Thursday, August 10, 2006

Backstage at the Playhouse: Building Fences

Well, it's been a couple months since I've posted anything in my critically acclaimed 'Backstage at the Playhouse' series, and I'm getting tired of all the letters asking for another amazing and insightful look into the magic of theatre. So, here is part 2 of my continuing series, 'Backstage at the Playhouse.'

In theatre terminology, right now the Playhouse is 'dark.' We closed the Marriage Musicals on August 6th, and we don't have any performances scheduled until our first preview of Fences on August 25th. While it may seem from the outside that nothing is happening, we're all pretty busy back here. Here are a few pictures taken by Fluffy (the Playhouse Prop Master) with his phone:

That's the bare stage of the Playhouse. (Hey, it's a picture taken with a phone. Squint if you have to.) It's pretty rare for us to have an empty stage, and it's already starting to fill up with the set of Fences.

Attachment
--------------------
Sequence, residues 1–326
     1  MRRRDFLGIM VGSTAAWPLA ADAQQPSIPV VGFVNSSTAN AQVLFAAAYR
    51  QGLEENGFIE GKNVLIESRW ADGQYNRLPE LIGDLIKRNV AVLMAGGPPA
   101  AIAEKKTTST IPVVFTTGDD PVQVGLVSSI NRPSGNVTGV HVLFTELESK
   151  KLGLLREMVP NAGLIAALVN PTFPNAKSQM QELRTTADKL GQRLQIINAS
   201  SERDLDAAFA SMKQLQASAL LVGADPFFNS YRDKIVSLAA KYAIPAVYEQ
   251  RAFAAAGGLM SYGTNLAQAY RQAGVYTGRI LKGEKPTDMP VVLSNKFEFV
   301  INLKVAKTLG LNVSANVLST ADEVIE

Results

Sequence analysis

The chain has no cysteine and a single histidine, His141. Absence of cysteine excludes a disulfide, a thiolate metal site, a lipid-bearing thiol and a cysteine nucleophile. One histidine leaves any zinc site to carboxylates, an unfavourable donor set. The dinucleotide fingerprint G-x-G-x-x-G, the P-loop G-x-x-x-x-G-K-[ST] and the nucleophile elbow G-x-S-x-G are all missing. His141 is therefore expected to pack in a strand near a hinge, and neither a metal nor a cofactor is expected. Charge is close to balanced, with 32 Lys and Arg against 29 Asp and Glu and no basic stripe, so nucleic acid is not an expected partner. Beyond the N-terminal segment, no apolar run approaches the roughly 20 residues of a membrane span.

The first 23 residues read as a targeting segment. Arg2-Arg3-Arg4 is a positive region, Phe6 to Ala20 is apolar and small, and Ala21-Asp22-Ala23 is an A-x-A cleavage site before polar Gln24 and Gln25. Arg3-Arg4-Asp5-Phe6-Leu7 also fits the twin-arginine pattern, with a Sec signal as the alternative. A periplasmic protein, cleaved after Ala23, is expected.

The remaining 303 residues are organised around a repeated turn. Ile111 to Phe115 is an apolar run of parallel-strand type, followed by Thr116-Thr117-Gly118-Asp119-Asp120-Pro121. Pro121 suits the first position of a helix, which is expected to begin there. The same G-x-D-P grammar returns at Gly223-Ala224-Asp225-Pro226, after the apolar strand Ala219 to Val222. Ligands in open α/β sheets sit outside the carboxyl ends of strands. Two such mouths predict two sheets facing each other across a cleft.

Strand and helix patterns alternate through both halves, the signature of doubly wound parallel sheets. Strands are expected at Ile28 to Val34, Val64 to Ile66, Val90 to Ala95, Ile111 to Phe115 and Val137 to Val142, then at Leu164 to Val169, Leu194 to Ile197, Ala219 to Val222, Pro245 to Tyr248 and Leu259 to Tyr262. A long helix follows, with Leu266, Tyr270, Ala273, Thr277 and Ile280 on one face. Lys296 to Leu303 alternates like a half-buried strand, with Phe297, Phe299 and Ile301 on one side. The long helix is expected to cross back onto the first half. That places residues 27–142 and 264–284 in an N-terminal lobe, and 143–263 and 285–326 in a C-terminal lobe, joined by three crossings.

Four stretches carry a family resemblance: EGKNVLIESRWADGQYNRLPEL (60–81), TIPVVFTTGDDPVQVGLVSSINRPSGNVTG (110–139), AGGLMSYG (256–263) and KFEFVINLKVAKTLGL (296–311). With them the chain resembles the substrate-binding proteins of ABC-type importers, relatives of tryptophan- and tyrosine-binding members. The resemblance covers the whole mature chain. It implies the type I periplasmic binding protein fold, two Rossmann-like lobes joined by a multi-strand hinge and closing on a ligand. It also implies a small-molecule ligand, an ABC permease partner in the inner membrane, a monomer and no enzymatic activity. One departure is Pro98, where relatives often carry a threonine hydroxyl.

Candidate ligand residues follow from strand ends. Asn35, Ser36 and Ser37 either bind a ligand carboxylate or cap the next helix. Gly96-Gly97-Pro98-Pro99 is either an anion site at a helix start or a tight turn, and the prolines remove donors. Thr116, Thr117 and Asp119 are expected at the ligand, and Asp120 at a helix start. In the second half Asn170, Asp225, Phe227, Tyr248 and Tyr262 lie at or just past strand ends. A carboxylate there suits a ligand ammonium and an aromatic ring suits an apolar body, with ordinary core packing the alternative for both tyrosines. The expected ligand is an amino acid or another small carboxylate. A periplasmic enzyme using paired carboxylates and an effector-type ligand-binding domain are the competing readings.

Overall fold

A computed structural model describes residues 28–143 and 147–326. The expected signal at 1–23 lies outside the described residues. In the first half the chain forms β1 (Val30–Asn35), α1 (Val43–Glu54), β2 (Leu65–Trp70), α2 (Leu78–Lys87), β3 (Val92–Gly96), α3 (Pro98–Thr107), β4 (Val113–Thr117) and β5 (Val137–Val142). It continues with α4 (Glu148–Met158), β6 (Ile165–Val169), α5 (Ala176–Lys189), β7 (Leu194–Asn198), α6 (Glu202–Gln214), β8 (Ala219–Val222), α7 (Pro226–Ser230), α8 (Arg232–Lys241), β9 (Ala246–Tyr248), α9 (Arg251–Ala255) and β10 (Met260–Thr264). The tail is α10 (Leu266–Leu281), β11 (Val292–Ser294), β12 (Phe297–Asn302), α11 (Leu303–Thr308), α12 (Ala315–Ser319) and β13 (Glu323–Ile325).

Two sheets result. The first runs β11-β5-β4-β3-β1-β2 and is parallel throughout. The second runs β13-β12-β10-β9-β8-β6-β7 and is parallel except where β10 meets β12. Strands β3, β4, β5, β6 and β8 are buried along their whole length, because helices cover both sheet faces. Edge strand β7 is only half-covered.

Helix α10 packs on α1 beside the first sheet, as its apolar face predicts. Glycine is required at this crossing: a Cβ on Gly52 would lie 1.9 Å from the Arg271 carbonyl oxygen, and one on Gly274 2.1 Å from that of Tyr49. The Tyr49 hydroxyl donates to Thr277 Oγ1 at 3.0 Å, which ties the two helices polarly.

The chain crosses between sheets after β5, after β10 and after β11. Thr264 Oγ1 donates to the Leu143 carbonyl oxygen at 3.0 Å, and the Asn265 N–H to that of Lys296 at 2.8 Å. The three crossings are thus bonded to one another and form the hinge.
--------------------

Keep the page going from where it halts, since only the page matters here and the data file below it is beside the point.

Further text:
Speaking of the set, that's a picture of part of it in our shop. The brickwork you see is actually a plastic mold of a brick wall - samples can be found here. It shows up a boring grey color, and our scenic artists paint the plastic to give the illusion of actual bricks. On the right, you can see our paint frame. It's basically a big frame you can attach a drop or large scenic piece to, and then move the whole frame up and down so the scenic artist can stand on the floor and paint the whole piece, instead of having to use ladders or scaffolding to reach the top. It's a nice thing to have.

I guess that's it for now. Any spelling or grammatical errors are the fault of, oh, I don't know, Conwell. Definitely not me.

1 comment:

Steve Kang said...

Hey Dan, thanks for the informative and entertaining post. I'm sure I speak for many when I wonder what's REALLY going on behind those enormous doors off of Playhouse Alley.

In fact I've heard that for every commentor you may actually have thousands of appreciative, though silent readers.

Well, that's what I've heard anyway.